PELOSI WILL SUPPORT MURTHA OVER HOYER FOR MAJORITY LEADER: Likely House Speaker Nancy Pelosi will back prominent Iraq war critic John Murtha over her current deputy for majority leader in the Democratic-led Congress, Murtha's office announced Sunday. In a letter released by Murtha's office, Pelosi told the Pennsylvania congressman that his surprise call for the withdrawal of American troops from Iraq in 2005 "changed the national debate and helped make Iraq the central issue of this historic election." "Your leadership gave so many Americans, including respected military leaders, the encouragement to voice their own disapproval at a failed policy that weakens our military and makes stability in that region even more difficult to achieve," she wrote. CNN: Pelosi supports Murtha for majority leader
BEHIND THE SCENES OF RAHM'S VICTORY: During the past year, the [Chicago] Tribune had exclusive access to the strategy sessions, private fundraisers and other moments that shaped this victory. The newspaper agreed not to print any of the details until after the election. Now that the votes have been counted, the story of how Emanuel helped end an era of Republican rule can be told. He did it, in large measure, by remaking the Democratic Party in his own image. Democrats had never raised enough money. Emanuel, a savvy fundraiser who shaped those skills under Richard M. Daley and Bill Clinton, yelled at colleagues and threatened his candidates into generating an unprecedented amount of campaign cash. Democrats had a history of appeasing party constituencies. Emanuel tore up the old litmus tests on abortion, gun control and other issues. With techniques that would make a Big Ten football coach blush, he recruited candidates who could mount tough challenges in some of the reddest patches of America. Chicago Tribune: The House that Rahm Built
DID REID BENEFIT FROM BRIDGE EARMARK? Incoming Senate Majority Leader Harry Reid vows to make reform of congressional earmarks a priority of his tenure, arguing that members need to be more transparent when they load pet projects for their districts into federal spending bills. But last year's huge $286-billion federal transportation bill included a little-noticed slice of pork pushed by Reid that provided benefits not only for the casino town of Laughlin, Nev., but also, possibly, for the senator himself. Reid called funding for construction of a bridge over the Colorado River, among other projects, "incredibly good news for Nevada" in a news release after passage of the 2005 transportation bill. He didn't mention, though, that just across the river in Arizona, he owns 160 acres of land several miles from proposed bridge sites and that the bridge could add value to his real estate investment. Los Angeles Times: Will the pork stop here?
BUSH CONTINUES TO BACK BOLTON: President Bush will not relent in his defense of John Bolton, his nominee for U.N. ambassador, despite unwavering opposition from Democrats who view Bolton as too combative for international diplomacy, aides said Sunday. Two of Bush's top advisers said the White House is not backing down from a fight to win Senate approval for Bolton to continue in the job. Bush gave Bolton the job temporarily in August 2005, while Congress was in recess. That appointment will expire when Congress adjourns, no later than January. White House counselor Dan Bartlett said Bolton has done a remarkable job. "He's proven the critics wrong on all the charges they've leveled against him," Bartlett said. "So let's have a conversation about it. We'll see." The White House resubmitted Bolton's nomination on Thursday, though it has languished in the Senate for more than a year. AP via Yahoo! News: Bush stands by his man for U.N. envoy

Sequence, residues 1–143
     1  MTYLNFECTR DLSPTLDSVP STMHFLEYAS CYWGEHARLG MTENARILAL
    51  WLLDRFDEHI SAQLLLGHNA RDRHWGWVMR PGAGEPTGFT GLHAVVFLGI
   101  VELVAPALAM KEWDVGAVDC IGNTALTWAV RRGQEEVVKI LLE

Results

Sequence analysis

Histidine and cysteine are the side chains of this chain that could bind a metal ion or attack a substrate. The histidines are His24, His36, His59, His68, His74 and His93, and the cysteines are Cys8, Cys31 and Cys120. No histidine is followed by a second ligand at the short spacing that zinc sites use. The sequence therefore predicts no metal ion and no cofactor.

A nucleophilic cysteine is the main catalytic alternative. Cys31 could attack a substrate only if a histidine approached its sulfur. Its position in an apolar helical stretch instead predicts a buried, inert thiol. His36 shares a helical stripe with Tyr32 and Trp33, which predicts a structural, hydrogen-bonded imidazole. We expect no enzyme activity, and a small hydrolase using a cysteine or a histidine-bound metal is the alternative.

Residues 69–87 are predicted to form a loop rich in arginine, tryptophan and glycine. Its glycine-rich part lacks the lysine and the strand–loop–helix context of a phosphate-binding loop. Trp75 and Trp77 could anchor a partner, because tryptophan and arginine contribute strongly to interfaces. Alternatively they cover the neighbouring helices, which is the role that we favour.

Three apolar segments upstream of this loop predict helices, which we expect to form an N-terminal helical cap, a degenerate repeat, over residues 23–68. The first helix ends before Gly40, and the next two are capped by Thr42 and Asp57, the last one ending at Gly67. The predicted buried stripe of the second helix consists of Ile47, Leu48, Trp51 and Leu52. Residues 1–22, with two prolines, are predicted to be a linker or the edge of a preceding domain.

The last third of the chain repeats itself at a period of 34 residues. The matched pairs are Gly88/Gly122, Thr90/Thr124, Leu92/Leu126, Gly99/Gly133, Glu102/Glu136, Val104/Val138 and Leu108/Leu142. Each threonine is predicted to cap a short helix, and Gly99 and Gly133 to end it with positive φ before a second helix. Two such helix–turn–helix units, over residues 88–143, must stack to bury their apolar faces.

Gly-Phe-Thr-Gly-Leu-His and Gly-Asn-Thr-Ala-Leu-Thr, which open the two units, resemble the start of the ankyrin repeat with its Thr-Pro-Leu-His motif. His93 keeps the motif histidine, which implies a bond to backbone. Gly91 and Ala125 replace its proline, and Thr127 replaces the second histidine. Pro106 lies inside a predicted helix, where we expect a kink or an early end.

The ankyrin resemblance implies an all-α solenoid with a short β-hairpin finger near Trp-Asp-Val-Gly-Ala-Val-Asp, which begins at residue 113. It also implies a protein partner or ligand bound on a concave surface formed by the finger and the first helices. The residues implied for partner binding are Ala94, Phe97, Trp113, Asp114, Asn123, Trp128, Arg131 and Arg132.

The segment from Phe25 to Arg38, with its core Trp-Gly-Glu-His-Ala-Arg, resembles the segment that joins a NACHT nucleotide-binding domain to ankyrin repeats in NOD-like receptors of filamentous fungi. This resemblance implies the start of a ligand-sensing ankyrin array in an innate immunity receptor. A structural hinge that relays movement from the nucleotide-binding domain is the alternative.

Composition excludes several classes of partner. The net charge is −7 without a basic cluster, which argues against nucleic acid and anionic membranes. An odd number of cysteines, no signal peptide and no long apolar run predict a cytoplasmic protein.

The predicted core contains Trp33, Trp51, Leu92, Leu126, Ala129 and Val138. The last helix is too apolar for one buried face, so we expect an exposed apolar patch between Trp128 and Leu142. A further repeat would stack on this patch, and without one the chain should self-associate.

STEELE EXPRESSES INTEREST IN TOP GOP JOB: Republican Lt. Gov. Michael Steele, who lost his race for a Senate seat, expressed interest Sunday in becoming chairman of the Republican National Committee. "I have not had any conversations directly with the White House yet on this," Steele told C-SPAN. Ken Mehlman, the current chairman, is stepping down when his two-year term ends in January. Mehlman made a point of emphasizing outreach to black voters and helped recruit Steele for the Maryland race... Steele said he wasn't sure when an announcement would be made on who will be the new committee chair. Steele was head of the Maryland Republican Party before being elected lieutenant governor in 2002 as the first black candidate elected statewide in Maryland. AP via Yahoo! News: Steele interested in heading RNC
GOP IN CONGRESS NOW "EVEN MORE HOMOGENEOUS AND EVEN MORE CONSERVATIVE THAN BEFORE": The rout of Republicans in the midterm congressional elections may increase the influence of the party's self-styled conservatives at the expense of moderates, who bore the brunt of the voters' punishment. Almost 40 percent of the approximately 200 Republicans in the next House will come from the South, the most conservative part of the country, compared with 35 percent at present. There may be only one Republican House member left from New England, depending on the outcome of a recount in Connecticut. The elections make "the Republican Party in Congress even more homogeneous and even more conservative than before," said David Rohde, a political scientist at Duke University in Durham, North Carolina. Republicans lost at least 28 House seats, though final numbers won't be in until election officials finish tallying the results in a handful of disputed races. Bloomberg: Republican Conservatives May Emerge Stronger From Party Defeat